Especially notable were the gains for groups typically underrepresented in STEM -- female, Hispanic, and black students. The Initiative focuses on providing intensive student and teacher support for classes. Their investment paid off: In the schools just implementing the program, the number of students passing an AP exam went from 1,797 to 3,437 exams across the 70 schools.
Taking and passing AP tests is an important indicator of college readiness. But many students, especially in less-affluent schools, often lack access to the courework. NMSI hosts study sessions for students and professional development and training for their teachers. What this shows is that a strong emphasis on supporting students and teachers in the rigorous coursework will pay off in student learning outcomes.
One of the biggest concerns in U.S. education today is whether our students are graduating from high school "ready" for college and career. To be ready, obviously, students need to take and understand advanced math and science coursework. But a significant portion of students, our Vital Signs report found, don't even get the chance to take those courses.
Take math like Algebra II, for instance. The course is considered necessary for college. But while many schools offer it, 20 percent of schools don't -- meaning 20 percent of students are already at a huge disadvantage if they want to continue their educations. Thirty-seven percent of school don't offer physics. Calculus is only offered at half the schools in the United States; in some states, only one in four schools offers the course.
The inequality is not created equal, either: While 25 percent of white students attend schools that don't offer calculus -- which is still a significant portion -- students of color are much more likely to attend schools that don't offer the course. Thirty-five percent of black students, 30 percent of Hispanic students, and 44 percent of Native American students dont' get the chance to take calculus.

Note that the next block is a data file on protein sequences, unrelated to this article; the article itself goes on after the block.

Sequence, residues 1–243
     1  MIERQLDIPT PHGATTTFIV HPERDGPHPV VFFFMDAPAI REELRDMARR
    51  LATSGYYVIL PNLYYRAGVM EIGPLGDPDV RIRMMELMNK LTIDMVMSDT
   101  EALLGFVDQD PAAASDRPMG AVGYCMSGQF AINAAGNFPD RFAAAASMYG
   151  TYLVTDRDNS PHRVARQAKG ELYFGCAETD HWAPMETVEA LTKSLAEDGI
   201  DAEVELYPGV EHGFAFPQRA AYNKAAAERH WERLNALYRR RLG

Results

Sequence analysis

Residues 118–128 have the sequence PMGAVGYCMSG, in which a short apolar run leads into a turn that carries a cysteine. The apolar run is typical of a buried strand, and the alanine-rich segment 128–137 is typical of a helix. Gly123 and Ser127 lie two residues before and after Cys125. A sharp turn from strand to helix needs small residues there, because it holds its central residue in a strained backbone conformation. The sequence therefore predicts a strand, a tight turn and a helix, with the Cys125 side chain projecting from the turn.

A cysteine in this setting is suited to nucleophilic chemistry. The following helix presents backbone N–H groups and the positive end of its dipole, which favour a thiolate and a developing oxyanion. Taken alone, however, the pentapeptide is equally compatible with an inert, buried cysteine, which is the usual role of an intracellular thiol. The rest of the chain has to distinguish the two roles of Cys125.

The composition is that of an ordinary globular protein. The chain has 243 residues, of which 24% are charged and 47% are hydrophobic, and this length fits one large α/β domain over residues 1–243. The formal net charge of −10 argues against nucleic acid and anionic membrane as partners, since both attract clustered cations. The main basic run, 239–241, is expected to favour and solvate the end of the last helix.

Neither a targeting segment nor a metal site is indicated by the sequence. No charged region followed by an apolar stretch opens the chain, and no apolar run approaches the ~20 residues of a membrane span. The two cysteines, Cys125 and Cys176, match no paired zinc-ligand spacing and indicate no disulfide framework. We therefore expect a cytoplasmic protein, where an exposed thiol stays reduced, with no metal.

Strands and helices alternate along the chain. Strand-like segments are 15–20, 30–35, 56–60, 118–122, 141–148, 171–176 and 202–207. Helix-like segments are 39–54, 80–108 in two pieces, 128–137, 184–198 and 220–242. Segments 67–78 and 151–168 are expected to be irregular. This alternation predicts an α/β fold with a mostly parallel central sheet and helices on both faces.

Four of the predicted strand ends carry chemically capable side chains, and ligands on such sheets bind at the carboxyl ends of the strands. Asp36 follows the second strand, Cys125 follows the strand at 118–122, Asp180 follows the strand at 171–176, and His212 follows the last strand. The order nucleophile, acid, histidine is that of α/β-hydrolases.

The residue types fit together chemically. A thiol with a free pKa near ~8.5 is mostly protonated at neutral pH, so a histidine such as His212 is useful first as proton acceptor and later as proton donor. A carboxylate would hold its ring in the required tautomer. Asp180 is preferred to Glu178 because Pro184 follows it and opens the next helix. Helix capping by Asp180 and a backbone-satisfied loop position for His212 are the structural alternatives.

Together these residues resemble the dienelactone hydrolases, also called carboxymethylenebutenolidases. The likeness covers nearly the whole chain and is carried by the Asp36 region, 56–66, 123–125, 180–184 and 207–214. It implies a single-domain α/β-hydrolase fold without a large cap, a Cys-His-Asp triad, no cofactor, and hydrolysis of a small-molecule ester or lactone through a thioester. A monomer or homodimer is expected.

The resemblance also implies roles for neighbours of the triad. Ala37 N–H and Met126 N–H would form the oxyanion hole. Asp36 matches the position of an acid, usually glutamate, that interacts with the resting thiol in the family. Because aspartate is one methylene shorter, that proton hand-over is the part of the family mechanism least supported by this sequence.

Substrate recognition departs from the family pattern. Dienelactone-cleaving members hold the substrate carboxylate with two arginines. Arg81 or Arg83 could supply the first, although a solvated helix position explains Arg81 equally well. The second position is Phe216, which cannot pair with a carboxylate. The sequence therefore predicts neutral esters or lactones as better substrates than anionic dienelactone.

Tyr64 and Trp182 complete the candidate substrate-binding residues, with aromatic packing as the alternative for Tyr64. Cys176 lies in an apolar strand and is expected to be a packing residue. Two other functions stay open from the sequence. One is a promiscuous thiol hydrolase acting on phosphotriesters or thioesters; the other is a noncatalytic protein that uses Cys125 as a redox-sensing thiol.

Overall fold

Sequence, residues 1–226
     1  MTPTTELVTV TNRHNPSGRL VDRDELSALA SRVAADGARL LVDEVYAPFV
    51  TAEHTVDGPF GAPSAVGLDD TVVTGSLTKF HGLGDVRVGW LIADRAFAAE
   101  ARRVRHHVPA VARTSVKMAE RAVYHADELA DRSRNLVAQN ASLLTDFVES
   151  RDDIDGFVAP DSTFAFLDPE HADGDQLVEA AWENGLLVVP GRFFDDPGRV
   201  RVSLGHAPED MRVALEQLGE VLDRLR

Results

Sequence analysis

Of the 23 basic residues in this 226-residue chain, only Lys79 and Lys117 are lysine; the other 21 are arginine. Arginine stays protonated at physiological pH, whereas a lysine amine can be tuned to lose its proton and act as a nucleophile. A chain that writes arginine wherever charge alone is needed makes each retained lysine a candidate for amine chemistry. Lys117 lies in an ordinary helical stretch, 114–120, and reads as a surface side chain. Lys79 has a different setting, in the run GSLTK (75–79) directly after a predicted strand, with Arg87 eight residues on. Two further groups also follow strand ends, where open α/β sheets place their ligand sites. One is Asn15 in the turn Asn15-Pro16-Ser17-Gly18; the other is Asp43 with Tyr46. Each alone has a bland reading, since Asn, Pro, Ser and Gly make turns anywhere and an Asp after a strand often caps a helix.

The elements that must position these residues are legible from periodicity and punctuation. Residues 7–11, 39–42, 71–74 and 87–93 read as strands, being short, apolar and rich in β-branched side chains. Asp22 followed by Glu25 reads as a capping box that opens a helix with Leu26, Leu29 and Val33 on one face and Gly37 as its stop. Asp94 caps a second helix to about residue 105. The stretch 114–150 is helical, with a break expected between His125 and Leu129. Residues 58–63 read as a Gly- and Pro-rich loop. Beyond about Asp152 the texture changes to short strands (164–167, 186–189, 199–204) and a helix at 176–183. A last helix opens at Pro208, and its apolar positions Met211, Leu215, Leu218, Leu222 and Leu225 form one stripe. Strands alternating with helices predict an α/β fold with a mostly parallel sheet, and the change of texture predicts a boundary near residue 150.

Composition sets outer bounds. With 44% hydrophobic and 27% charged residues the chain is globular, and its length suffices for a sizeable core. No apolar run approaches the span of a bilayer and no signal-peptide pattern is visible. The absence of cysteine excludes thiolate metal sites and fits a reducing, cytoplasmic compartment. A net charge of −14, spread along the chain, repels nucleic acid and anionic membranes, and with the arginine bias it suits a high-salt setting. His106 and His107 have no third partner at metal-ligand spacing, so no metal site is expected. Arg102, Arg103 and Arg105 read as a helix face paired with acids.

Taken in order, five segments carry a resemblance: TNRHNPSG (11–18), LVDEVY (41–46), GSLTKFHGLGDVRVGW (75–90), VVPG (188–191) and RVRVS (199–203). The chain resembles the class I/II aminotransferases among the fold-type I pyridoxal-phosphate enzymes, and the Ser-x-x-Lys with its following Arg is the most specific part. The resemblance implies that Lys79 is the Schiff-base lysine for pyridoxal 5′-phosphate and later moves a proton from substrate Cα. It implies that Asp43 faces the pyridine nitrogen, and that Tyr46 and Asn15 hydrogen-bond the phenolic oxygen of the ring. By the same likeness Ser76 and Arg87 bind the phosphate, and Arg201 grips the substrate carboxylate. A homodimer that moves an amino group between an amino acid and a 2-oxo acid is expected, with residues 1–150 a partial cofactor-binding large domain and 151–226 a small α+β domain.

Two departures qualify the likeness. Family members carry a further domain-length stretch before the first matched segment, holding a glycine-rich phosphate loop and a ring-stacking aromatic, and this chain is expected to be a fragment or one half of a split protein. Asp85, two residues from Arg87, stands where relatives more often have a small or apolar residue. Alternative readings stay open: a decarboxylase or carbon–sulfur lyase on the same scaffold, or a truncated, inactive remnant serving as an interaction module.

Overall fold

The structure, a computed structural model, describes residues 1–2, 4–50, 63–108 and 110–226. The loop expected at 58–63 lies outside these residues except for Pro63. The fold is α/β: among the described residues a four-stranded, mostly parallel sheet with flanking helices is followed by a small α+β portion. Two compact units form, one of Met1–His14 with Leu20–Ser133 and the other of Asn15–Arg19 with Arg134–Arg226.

What's this mean? Obviously, some students are more likely to be ready to college, and that advantage is determined by matters out of a student's control -- race, background, school. For the country, though, this also means that the demands on the workforce are likely to persist into the future.
Interested in learning more, especially about how your state is doing? Check out our Vital Signs.
One of the indicators we're most excited about in our new Vital Signs is how much states spend on per proficient student -- or, as we call it, the return on investment.
What exactly does that mean? We -- working with the American Institutes for Research -- looked at how well students performed on the 2009 NAEP exam in math and science (some states didn't participate in science, so we just looked at math) and also at how much the state spent on education, controlled for factors like poverty and cost-of-living in the area. Using these numbers we calculated how much the state spent on a proficient student. The numbers ranged from Utah's low of $14,202 to D.C.'s high of $69,442.
Given the diversity of circumstances around the country, why is this number important? After all, the challenges facing students in Utah are nothing like the difficulties in the District. But the number is indicative of how well the state is investing in its students, and helps us think strategically about how well policies and practices in each state are working. The clear takeaway is that, generally, we should be thinking critically about which spending is truly making an impact on student achievement.
Want to know how your state is doing? Check it out on our Vital Signs page, under "Resources."